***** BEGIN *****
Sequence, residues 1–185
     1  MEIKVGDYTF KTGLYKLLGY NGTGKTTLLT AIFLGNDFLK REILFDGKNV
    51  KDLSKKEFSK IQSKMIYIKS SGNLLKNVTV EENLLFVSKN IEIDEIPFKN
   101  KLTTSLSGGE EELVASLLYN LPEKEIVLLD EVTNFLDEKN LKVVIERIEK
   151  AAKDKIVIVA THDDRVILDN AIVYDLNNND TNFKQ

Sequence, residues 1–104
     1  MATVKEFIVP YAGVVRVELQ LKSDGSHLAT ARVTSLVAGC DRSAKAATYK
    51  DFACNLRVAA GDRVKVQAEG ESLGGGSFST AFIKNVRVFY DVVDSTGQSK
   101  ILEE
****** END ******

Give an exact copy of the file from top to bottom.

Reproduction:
Sequence, residues 1–185
     1  MEIKVGDYTF KTGLYKLLGY NGTGKTTLLT AIFLGNDFLK REILFDGKNV
    51  KDLSKKEFSK IQSKMIYIKS SGNLLKNVTV EENLLFVSKN IEIDEIPFKN
   101  KLTTSLSGGE EELVASLLYN LPEKEIVLLD EVTNFLDEKN LKVVIERIEK
   151  AAKDKIVIVA THDDRVILDN AIVYDLNNND TNFKQ

Sequence, residues 1–104
     1  MATVKEFIVP YAGVVRVELQ LKSDGSHLAT ARVTSLVAGC DRSAKAATYK
    51  DFACNLRVAA GDRVKVQAEG ESLGGGSFST AFIKNVRVFY DVVDSTGQSK
   101  ILEE